The High Efficiency Particulate Air, or HEPA, filter, was created to keep scientists safe from radiation as they worked on an atomic bomb during World War II. Today these filters are frequently used in hospitals, science labs and even homes.
HEPA filters are rated to extract 99.97 to 99.99% of particles measuring 0.3 microns and greater. This includes pollen, dirt and dust. A HEPA air cleaner with activated carbon filters can capture chemicals, odors and smoke.
These filters have a MERV rating of 1721, depending on the model. This rating indicates how effectively a filter can pull out pollutants from the air.
Because of their high-efficiency filtration capabilities, HEPA filters are thick and can reduce airflow. It’s important to check with Service Experts Heating & Air Conditioning to confirm your heating and cooling system can run with one.
Media air cleaners are much thicker than basic air filters. They’re often four to five times wider—or more. This barrier attaches closely against your HVAC equipment.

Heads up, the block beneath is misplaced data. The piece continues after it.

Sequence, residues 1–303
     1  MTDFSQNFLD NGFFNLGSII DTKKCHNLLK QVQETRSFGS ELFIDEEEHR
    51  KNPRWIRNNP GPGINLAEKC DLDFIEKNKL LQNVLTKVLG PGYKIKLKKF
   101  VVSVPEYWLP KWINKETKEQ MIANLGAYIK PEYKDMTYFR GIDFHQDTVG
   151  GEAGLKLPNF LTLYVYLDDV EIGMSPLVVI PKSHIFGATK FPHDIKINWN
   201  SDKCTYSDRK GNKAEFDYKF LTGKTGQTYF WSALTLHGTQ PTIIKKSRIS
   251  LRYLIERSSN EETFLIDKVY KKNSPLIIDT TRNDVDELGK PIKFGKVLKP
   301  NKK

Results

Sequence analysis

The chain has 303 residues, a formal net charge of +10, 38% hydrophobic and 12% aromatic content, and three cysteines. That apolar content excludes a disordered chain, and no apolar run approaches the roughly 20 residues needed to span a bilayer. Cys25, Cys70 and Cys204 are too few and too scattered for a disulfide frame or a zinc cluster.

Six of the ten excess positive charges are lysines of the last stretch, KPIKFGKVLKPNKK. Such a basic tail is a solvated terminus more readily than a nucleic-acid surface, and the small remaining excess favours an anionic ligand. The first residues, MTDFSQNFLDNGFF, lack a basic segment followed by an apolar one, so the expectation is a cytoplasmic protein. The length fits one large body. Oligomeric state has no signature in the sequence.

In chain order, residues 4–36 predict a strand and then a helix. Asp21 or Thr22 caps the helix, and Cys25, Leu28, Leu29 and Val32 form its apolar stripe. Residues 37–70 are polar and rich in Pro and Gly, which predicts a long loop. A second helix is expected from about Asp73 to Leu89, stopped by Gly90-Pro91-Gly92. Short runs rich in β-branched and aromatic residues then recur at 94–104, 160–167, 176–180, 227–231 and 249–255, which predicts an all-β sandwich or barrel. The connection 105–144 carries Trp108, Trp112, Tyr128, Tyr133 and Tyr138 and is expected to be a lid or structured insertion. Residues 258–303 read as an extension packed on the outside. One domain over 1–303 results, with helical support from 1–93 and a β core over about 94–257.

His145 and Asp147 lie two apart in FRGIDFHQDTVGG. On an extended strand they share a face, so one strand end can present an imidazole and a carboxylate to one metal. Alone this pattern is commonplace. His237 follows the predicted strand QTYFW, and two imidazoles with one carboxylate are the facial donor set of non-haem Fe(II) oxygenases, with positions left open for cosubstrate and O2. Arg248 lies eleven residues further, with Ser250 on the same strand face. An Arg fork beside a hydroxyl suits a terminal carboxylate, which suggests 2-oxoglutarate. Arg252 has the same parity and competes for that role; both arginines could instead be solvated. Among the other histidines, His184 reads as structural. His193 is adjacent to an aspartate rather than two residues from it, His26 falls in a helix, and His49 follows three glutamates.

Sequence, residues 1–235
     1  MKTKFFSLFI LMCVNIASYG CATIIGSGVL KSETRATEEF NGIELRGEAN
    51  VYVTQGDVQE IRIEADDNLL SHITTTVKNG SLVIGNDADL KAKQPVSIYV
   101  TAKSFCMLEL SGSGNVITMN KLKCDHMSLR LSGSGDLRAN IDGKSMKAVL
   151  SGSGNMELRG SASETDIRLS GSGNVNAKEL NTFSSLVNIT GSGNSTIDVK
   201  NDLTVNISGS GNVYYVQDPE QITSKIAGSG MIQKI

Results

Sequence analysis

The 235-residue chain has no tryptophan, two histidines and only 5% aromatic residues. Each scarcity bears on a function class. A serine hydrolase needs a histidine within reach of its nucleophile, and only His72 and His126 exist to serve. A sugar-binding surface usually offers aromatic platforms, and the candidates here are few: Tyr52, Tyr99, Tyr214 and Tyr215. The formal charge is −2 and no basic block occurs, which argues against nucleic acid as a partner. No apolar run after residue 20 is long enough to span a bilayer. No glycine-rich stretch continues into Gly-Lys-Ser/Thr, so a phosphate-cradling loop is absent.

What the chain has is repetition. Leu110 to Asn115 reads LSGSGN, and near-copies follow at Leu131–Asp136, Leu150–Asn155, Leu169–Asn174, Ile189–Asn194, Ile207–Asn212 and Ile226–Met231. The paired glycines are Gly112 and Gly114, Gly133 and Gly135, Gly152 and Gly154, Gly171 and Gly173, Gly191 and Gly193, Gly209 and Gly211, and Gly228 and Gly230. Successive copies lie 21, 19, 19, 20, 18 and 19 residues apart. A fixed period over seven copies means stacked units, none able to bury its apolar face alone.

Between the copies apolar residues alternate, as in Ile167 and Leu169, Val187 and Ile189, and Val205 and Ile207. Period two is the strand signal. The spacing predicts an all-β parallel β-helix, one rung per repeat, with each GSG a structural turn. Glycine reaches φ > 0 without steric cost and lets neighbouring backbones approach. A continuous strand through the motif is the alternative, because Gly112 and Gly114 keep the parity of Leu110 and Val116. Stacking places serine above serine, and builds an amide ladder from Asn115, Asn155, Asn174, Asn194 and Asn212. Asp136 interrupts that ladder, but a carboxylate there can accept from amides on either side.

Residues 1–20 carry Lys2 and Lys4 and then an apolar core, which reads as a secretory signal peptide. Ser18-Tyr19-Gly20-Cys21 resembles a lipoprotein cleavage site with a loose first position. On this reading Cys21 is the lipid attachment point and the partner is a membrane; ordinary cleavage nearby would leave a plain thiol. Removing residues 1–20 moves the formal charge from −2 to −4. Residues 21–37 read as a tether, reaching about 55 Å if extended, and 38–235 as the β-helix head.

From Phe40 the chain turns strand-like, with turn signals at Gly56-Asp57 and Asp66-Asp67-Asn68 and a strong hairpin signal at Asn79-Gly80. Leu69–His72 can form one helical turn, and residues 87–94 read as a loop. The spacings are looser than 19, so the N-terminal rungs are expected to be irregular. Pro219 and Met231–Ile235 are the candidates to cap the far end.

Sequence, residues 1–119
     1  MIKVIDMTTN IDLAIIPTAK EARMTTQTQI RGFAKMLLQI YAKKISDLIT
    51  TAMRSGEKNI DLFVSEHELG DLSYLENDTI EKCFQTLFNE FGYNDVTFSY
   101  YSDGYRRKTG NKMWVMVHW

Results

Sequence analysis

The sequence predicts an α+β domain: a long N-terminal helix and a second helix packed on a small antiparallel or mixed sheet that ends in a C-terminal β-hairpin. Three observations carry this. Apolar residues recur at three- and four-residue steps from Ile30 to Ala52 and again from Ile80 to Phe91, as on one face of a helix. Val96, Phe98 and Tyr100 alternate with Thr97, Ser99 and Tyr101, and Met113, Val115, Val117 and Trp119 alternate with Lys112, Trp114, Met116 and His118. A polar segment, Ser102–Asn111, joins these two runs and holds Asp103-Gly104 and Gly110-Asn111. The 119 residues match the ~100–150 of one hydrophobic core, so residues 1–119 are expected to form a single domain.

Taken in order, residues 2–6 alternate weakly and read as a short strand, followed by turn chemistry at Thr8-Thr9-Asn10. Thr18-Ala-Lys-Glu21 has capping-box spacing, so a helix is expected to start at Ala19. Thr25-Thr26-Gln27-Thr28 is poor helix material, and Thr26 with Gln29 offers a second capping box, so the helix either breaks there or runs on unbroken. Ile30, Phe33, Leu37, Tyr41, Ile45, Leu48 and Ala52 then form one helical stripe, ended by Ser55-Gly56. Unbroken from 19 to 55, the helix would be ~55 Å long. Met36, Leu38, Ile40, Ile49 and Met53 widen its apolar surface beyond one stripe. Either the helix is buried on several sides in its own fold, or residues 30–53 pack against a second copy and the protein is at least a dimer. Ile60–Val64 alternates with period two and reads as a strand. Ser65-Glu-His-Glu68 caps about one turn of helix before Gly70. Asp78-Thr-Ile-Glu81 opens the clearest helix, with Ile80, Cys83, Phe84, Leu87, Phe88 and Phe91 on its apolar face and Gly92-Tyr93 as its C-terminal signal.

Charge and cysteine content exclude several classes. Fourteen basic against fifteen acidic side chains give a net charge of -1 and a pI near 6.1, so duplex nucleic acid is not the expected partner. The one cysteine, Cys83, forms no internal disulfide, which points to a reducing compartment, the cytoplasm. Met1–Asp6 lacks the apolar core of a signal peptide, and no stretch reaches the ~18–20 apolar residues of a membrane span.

Because its operational surface is usually around 10 inches, media filters are able to catch about 95 percent of particulates.
These filters last longer too, commonly between three to six months.
There are a couple of electronic filtering systems you can add in your home.
An electrostatic filter uses magnetically charged material to capture. These washable filters are 97 percent effective at removing tiny particles from your home’s air. Plus, they’re also 30 times more effective than ordinary filters.
An electronic air cleaner applies a high-voltage magnetic charge to capture particles.
Some can eliminate the majority of indoor air pollutants—particles, germs, bacteria, chemical odors and vapors—by up to 99.9 percent. And reduce ozone, a known lung irritant, made elsewhere in your home.